Report on Suwanosejima (Japan) — June 1997
Bulletin of the Global Volcanism Network, vol. 22, no. 6 (June 1997)
Managing Editor: Richard Wunderman.
Suwanosejima (Japan) Ashfall in March and continued ash emissions in April
Please cite this report as:
Global Volcanism Program, 1997. Report on Suwanosejima (Japan). In: Wunderman, R (ed.), Bulletin of the Global Volcanism Network, 22:6. Smithsonian Institution. http://dx.doi.org/10.5479/si.GVP.BGVN199706-282030.
29.638°N, 129.714°E; summit elev. 796 m
All times are local (unless otherwise noted)
An ash column 500-600 m high above the summit resulted in ashfall starting at about noon on 24 March and continuing until the evening of the following day. Ash emissions on 16-17 April sent a column 500-700 m high. Seismicity was characterized by numerous B-type earthquakes in March (~50/month), and by volcanic tremors during April (~ 200/month).
Geologic Background. The 8-km-long, spindle-shaped island of Suwanosejima in the northern Ryukyu Islands consists of an andesitic stratovolcano with two historically active summit craters. The summit of the volcano is truncated by a large breached crater extending to the sea on the east flank that was formed by edifice collapse. Suwanosejima, one of Japan's most frequently active volcanoes, was in a state of intermittent strombolian activity from Otake, the NE summit crater, that began in 1949 and lasted until 1996, after which periods of inactivity lengthened. The largest historical eruption took place in 1813-14, when thick scoria deposits blanketed residential areas, and the SW crater produced two lava flows that reached the western coast. At the end of the eruption the summit of Otake collapsed forming a large debris avalanche and creating the horseshoe-shaped Sakuchi caldera, which extends to the eastern coast. The island remained uninhabited for about 70 years after the 1813-1814 eruption. Lava flows reached the eastern coast of the island in 1884. Only about 50 people live on the island.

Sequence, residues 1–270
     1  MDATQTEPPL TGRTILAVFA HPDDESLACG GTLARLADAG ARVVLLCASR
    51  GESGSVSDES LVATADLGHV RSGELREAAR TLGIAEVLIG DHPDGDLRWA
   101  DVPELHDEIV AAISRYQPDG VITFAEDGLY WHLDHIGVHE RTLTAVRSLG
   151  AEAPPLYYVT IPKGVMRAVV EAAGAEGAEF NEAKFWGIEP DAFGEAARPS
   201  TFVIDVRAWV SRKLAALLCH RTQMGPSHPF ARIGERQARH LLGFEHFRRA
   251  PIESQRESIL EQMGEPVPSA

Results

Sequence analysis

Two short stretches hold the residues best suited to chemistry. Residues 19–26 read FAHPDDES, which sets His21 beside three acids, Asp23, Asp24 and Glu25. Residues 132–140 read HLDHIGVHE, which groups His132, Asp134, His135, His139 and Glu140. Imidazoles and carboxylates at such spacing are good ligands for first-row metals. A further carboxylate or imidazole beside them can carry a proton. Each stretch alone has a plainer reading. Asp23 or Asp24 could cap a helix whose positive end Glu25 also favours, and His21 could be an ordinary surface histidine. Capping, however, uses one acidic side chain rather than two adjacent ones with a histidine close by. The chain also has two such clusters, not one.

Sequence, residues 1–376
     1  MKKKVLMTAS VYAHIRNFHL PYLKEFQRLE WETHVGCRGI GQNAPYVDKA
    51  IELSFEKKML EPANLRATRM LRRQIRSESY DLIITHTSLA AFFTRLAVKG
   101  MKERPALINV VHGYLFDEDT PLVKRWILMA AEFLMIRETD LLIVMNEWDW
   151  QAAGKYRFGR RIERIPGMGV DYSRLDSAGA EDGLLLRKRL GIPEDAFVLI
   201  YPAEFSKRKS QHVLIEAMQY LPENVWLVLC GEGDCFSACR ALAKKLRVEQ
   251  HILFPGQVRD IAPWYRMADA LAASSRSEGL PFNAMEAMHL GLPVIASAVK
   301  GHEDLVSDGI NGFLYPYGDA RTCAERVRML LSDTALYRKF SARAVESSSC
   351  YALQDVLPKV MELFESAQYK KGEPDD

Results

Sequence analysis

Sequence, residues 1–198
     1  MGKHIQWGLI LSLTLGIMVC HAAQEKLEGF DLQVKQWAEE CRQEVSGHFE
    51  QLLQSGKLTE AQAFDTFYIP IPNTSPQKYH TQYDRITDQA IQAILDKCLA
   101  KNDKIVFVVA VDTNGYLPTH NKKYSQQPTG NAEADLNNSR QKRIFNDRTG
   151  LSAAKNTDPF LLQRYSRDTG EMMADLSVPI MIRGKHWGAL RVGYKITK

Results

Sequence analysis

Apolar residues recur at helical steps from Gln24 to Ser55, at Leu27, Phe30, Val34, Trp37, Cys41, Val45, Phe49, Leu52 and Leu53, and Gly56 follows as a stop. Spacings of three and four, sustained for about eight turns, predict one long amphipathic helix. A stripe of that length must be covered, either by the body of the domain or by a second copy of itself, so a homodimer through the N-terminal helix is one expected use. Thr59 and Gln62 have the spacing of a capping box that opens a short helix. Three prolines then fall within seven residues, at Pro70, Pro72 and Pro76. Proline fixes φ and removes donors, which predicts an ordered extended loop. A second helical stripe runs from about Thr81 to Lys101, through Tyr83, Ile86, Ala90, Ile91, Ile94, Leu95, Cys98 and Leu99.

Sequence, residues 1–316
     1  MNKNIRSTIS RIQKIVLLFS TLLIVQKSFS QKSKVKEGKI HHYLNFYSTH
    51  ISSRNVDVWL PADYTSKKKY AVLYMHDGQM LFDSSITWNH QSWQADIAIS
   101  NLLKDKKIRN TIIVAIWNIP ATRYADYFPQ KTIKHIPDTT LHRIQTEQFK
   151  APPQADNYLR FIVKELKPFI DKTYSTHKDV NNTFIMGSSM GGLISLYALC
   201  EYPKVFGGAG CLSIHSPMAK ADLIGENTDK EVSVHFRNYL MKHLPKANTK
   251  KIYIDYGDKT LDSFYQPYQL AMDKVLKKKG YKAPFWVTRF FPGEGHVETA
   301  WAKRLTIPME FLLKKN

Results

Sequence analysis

Information Contacts: Sakurajima Volcanological Observatory (SVO), Disaster Prevention Research Institute, Kyoto University, Sakurajima-cho, Kagoshima 89114, Japan (Email: email@example.com); Japan Meteorological Agency (JMA), 1-3-4 Ote-machi, Chiyoda-ku, Tokyo 100, Japan.